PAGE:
If you're up for a bit of excitement, the Eos range of feather lampshades designed by Vita Copenhagen come in a peachy shade of pink, as well as the usual white. They're made of natural goose feathers and prices start at €75, but according to Lamb, the bigger the better. "I've recently used one in a penthouse apartment with navy walls. The colours are variegated, it's not candy pink, and it looks incredibly luxurious in the right context."

The Dulux paint colour of 2018, Heart Wood, is a dusky pink and the company's creative director, Marianne Shillingford, points towards its comforting qualities: "It's the perfect antidote to the mood of the moment - channelling a real sense of calm and warmth during times of global uncertainty."

A five litre tin of Diamond Matt finish costs €70. As pinks go, Heartwood is a pretty sophisticated neutral. And, if the notion of using pink as a neutral seems foreign, remember that in the Second World War, an attractive lavender pink was used for camouflaging ships. It was called Mountbatten pink, after its instigator Lord Mountbatten, and chosen to mimic the colours of the sea at dawn and dusk. But because it didn't work in the daytime it was discontinued.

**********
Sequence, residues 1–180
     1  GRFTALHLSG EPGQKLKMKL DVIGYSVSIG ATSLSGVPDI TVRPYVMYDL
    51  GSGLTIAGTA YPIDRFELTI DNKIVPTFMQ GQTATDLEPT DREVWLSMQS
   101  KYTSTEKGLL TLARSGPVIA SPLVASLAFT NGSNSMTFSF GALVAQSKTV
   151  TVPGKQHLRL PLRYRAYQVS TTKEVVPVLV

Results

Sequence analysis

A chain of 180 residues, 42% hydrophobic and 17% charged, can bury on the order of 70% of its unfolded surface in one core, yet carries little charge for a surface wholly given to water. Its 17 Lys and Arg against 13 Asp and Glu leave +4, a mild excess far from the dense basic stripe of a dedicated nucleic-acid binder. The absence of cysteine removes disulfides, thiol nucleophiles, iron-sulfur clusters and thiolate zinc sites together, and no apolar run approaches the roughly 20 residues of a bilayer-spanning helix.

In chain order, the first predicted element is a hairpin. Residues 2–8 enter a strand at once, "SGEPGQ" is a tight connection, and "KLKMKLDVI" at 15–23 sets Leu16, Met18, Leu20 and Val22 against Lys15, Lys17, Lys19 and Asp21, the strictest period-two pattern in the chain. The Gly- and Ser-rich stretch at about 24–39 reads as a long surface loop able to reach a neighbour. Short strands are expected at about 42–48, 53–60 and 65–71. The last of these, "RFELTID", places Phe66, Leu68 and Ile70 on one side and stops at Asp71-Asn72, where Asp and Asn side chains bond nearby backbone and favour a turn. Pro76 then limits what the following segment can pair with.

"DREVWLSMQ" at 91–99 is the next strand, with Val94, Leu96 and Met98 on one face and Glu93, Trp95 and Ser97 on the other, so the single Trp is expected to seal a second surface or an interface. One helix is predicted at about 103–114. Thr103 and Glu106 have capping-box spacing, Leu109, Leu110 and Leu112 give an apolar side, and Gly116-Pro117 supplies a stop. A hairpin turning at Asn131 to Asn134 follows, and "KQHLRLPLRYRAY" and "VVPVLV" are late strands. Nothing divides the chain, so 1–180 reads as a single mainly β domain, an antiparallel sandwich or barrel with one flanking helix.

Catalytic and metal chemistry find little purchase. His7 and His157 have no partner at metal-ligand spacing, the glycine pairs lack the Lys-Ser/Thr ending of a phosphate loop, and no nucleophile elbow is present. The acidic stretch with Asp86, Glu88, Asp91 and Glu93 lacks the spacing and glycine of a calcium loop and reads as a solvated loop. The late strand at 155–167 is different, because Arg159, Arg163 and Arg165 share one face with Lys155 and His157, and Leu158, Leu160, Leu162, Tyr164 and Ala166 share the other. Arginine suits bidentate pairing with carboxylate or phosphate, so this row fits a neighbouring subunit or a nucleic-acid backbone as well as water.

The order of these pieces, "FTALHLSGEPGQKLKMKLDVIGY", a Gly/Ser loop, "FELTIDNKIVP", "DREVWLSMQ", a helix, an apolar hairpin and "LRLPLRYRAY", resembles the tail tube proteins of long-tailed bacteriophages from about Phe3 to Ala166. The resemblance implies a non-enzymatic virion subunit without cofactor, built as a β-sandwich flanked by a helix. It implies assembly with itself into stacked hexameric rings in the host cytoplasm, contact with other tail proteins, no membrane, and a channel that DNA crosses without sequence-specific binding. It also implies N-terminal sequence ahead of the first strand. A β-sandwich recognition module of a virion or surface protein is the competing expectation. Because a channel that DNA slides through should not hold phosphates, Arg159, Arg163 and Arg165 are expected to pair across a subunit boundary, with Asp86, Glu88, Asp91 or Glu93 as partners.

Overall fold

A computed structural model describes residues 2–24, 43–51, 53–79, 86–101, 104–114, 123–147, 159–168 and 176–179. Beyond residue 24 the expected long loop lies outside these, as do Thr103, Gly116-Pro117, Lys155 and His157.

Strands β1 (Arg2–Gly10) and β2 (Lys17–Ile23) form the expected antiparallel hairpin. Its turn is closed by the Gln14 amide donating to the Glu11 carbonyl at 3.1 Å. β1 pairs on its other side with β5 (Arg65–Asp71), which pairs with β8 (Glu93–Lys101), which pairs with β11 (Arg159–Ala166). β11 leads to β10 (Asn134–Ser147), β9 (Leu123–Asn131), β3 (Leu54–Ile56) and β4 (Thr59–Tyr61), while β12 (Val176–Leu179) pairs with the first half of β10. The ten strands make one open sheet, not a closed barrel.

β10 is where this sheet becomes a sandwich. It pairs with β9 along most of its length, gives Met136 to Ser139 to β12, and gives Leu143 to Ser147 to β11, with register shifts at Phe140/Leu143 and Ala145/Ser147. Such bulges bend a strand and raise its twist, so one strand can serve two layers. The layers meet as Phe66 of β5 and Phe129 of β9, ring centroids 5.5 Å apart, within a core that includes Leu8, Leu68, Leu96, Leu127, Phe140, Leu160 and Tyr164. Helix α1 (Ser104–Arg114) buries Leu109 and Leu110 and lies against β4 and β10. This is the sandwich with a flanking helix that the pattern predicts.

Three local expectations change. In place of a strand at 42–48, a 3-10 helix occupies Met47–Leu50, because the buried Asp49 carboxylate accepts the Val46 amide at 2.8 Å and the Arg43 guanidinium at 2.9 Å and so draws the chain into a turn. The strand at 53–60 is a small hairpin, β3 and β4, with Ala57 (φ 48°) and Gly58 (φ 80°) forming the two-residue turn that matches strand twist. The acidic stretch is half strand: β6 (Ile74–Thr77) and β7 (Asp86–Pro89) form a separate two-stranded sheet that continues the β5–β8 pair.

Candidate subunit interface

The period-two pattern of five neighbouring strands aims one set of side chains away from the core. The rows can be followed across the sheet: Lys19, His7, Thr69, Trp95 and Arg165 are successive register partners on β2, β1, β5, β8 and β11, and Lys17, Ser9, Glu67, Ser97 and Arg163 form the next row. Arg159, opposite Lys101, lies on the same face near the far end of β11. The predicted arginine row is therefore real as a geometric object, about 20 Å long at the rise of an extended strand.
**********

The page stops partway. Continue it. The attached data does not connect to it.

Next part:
Sophia bed from Covet House
Sophia bed from Covet House

The designers at Neptune have taken a more classical approach to pink with their new paint colour, Old Rose (€49 for a 2.5 litre tin of emulsion). It's a quiet, slightly earthy pink and works for furniture as well as walls. If you're buying a painted-wood kitchen, like the Shaker-style Suffolk, from Neptune, you can ask to have it painted in Old Rose.

However, I recommend testing the gender neutral theory on the audience at home before you commit. For pink to be accepted as truly ungendered requires a degree of evolution in the user and I'm not quite sure that we're there yet. And that's speaking as a woman whose recently been told: "I don't care how gender neutral it is. There's no way I'm sitting on an effing pink sofa." Like Lord Mountbatten, we've decided to go back to grey.